Some cities have combined red light cameras with shorter yellow light durations, which results in increased violations and generates more revenue. This doesn’t help those cities genuinely looking to increase the safety of those on the road and aren’t just looking for a way to generate money.
Invasion of Privacy
Some feel that red light cameras are an invasion of privacy. These individuals are more concerned about how the data from the cameras is stored and less about the pictures of license plates or drivers. Who can access this sensitive information is a major concern. Many cities and local governments utilize third parties to manage their red light cameras. How these third parties store information many consider to be very private is the biggest concern.
Data breaches are rather common these days. Should one of these third-party contractors experience a data breach, some very sensitive information could get into the hands of seedy individuals.
It’s Not the Most Effective Method
Some research has shown that more regulations and enforcement hurt drivers. In fact, a small Dutch town severely loosened driving regulations and forced drivers to use common sense. The results were that drivers drove safer, traffic flowed better, and traffic accidents plummeted.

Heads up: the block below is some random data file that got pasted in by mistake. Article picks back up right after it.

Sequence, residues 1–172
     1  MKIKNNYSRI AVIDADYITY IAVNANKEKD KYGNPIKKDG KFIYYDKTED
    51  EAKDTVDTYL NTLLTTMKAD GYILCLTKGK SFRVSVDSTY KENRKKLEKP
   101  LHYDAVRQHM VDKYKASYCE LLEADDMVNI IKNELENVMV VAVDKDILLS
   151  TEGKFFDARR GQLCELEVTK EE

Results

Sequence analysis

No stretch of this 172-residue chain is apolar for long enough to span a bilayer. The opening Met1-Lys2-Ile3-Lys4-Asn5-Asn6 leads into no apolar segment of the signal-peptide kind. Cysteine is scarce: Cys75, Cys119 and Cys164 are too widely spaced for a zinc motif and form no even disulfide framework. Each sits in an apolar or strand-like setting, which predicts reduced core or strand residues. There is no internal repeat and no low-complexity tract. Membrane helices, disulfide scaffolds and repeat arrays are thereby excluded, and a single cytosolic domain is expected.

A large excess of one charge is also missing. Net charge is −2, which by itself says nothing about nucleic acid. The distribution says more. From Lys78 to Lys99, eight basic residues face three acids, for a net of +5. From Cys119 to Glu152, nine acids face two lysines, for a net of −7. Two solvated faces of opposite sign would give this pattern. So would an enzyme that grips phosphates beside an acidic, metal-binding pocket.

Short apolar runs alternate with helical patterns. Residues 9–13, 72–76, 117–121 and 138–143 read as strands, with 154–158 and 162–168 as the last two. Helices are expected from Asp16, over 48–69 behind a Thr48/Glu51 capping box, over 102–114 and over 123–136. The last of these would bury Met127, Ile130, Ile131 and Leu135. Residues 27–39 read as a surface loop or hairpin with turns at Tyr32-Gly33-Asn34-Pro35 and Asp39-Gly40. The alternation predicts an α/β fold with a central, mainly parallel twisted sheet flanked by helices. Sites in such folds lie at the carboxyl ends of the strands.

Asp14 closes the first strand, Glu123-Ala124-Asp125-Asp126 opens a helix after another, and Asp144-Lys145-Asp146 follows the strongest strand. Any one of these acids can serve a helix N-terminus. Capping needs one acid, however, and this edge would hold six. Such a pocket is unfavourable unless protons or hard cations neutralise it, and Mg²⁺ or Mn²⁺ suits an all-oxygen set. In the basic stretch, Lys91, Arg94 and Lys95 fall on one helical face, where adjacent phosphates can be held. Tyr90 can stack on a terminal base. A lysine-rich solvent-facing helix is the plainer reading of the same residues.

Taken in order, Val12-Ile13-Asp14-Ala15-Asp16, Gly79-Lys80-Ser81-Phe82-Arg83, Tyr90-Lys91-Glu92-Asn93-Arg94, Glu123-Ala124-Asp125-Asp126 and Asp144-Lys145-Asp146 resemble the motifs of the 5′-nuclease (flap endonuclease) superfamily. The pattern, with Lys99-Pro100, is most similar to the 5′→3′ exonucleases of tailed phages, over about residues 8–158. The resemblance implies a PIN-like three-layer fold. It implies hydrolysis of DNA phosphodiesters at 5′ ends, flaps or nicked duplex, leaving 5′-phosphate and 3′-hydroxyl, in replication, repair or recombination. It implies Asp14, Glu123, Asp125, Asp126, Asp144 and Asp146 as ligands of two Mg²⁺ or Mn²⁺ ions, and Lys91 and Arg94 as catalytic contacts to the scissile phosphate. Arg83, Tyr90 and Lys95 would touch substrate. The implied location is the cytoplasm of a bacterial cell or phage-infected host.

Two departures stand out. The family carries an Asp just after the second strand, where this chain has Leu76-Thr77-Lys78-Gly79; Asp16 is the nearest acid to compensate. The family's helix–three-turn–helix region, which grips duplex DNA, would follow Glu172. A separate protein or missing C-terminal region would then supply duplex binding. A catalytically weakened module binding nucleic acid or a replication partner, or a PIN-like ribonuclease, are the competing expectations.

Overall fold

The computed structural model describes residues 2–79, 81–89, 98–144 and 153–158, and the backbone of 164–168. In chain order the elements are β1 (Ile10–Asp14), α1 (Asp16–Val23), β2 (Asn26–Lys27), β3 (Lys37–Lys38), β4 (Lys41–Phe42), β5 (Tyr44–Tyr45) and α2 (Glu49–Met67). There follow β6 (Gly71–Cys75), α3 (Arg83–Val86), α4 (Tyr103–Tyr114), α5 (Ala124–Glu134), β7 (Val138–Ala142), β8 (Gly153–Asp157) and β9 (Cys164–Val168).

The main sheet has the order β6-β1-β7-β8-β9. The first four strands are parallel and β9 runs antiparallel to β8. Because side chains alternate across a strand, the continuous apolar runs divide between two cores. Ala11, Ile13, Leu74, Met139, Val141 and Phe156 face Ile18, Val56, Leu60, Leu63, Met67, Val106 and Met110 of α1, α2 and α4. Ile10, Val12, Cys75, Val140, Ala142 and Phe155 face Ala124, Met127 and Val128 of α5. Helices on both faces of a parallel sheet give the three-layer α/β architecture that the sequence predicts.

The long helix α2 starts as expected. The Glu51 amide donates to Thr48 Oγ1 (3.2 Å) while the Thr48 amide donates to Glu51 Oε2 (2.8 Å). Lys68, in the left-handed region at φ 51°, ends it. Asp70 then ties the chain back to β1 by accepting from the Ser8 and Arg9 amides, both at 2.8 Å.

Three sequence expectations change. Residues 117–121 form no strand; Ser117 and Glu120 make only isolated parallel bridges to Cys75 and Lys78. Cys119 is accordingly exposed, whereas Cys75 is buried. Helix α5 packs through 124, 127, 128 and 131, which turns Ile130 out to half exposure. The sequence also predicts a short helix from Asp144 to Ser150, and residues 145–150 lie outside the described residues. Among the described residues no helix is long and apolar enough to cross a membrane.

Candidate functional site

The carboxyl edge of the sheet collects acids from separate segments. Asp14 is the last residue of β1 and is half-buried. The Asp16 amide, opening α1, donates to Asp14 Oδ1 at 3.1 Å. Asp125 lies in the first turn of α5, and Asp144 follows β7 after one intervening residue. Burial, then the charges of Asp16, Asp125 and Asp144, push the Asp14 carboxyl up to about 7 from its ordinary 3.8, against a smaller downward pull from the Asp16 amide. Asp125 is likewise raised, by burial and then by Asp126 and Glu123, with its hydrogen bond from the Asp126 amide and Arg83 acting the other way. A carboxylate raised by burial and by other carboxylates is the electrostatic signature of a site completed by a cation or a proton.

The Autobahn is one example of a highway with little to no driving restrictions. Research indicates it’s safer and has fewer fatalities than many American roads. So maybe the most effective method is fewer rules and regulations.
Are Red Light Cameras Worth It?
While red light cameras have some positive benefits, they’re not always the best answer. However, it’s irrelevant if you live in a state that permits using red light cameras.
You’ll need to reach out to your local legislation and communicate your opinion about using red light cameras where you live. Ultimately, we want you and other drivers to be as safe as possible. However, red light cameras can create more problems than they solve in some places.
Discover the Best Free Camping Across the USA
To be honest with you, we hate paying for camping. There are so many free campsites in America (with complete privacy).
You should give it a try!
As a matter of fact, these free campsites are yours. Every time you pay federal taxes, you’re contributing to these lands.
Become a FREE CAMPING INSIDER and join the 100,000 campers that love to score the best site!
We’ll send you the 50 Best Free Campsites in the USA (one per state). Access the list by submitting your email below: